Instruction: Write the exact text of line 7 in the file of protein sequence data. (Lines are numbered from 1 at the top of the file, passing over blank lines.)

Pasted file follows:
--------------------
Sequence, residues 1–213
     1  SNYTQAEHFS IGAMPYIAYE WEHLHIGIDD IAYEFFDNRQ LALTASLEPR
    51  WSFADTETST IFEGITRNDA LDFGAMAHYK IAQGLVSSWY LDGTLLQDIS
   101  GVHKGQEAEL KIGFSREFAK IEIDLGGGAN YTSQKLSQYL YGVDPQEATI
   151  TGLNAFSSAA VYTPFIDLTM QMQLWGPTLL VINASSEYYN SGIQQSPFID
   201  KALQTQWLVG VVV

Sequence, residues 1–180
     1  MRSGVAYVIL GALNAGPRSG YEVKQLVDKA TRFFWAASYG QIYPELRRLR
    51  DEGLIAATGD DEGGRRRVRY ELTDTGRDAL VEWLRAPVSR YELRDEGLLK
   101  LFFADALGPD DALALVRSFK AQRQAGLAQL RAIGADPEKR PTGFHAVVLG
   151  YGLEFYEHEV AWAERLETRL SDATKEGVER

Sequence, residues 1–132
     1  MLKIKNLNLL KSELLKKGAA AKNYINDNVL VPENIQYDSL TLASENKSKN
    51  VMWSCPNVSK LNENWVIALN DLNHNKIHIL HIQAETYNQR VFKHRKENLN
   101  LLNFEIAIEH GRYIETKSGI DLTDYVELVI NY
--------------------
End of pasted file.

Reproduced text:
Sequence, residues 1–180